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3. MEDICAL AND HEALTH SCIENCES
While navigating complex environments the brain must continuously adapt to both external demands such as fluctuating sensory inputs, as well as internal demands, such as engagement in a cognitively demanding task. Previous studies have demonstrated changes in behavior and gait with increased sensory and cognitive load, but the underlying cortical mechanisms remain largely unknown. Here, in a Mobile Brain/Body Imaging (MoBI) approach sixteen young adults walked on a treadmill with high-density EEG while 3D motion capture tracked kinematics of the head and feet. Visual load was manipulated with the presentation of optic flow with and without continuous mediolateral perturbations. The effects of cognitive load were assessed by the performance of a Go/No-Go task on half of the blocks. During increased sensory load, participants walked with shorter and wider strides, which may indicate a more restrained pattern of gait. Interestingly, cognitive task engagement attenuated these effects of sensory load on gait. Using an Independent Component Analysis and dipole-fitting approach, we found that cautious gait was accompanied by neuro-oscillatory modulations localized to frontal (supplementary motor area, anterior cingulate cortex) and parietal (inferior parietal lobule, precuneus) areas. Our results show suppression in alpha/mu (8-12Hz) and beta (13-30Hz) rhythms, suggesting enhanced activation of these regions with unreliable sensory inputs. These findings provide insight into the neural correlates of gait adaptation, and may be particularly relevant to older adults who are less able to adjust to ongoing cognitive and sensory demands while walking.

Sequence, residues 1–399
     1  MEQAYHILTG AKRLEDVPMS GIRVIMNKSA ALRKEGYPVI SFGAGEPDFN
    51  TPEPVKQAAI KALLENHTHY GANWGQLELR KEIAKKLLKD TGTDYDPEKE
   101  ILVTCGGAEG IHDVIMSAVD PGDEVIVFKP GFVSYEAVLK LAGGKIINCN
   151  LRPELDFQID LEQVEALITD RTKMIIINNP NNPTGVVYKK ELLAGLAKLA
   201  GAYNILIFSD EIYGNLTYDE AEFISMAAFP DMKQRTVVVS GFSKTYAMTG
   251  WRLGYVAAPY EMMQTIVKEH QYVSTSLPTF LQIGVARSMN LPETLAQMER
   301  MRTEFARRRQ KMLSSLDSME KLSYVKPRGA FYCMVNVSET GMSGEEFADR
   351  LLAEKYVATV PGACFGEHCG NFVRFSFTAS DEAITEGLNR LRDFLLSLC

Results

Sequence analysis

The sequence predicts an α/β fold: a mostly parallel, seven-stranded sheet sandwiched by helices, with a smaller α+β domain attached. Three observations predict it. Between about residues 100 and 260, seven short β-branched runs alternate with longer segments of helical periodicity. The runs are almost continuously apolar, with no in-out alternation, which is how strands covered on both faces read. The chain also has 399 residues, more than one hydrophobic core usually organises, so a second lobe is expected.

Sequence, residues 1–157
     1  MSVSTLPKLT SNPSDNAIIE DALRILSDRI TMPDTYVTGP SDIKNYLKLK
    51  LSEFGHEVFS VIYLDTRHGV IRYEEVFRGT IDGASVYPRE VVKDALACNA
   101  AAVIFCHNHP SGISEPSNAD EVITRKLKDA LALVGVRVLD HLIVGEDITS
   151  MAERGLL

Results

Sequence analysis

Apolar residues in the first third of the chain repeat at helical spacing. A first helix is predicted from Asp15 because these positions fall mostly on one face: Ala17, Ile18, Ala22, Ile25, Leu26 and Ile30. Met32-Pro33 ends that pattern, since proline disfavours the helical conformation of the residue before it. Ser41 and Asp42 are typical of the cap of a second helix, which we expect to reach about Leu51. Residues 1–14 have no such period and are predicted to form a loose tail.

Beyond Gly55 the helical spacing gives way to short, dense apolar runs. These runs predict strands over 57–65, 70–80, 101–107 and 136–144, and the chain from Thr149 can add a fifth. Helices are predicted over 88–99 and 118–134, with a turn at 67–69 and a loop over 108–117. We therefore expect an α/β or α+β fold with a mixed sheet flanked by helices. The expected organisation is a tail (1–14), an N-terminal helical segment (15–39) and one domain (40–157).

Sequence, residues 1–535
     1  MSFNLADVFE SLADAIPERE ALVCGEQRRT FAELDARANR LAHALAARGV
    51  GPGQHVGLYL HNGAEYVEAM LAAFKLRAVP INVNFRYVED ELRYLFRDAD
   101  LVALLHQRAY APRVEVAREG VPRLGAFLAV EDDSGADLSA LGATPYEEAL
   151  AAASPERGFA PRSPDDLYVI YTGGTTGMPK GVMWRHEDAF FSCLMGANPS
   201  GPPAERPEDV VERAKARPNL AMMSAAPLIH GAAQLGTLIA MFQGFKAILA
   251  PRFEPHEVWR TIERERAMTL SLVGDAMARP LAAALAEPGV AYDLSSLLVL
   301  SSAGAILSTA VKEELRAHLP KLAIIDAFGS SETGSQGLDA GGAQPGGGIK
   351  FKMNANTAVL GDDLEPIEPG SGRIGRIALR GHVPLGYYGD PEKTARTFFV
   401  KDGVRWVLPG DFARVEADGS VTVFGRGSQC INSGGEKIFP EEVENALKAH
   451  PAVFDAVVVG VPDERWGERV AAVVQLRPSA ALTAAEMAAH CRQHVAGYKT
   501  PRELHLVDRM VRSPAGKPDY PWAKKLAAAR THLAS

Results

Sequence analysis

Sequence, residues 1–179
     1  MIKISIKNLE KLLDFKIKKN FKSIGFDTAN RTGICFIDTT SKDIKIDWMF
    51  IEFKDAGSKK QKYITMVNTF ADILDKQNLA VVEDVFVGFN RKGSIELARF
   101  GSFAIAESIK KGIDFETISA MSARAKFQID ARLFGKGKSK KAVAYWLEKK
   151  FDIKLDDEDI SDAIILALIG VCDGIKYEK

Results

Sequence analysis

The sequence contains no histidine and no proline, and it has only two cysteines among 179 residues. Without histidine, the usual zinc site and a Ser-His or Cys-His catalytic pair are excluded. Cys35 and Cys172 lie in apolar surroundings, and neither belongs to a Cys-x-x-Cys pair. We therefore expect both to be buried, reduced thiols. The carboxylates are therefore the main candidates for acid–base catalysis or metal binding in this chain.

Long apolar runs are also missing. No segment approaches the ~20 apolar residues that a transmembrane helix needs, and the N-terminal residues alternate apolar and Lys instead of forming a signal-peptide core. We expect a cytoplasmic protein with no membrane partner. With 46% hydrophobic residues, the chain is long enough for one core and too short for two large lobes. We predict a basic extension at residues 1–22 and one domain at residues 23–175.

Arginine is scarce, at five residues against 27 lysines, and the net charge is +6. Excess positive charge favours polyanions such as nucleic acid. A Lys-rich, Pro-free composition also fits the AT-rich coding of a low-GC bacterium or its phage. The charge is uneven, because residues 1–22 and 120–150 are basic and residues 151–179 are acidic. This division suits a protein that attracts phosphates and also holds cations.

Malcolm, B., Foxe, J. & Butler, J. (2018).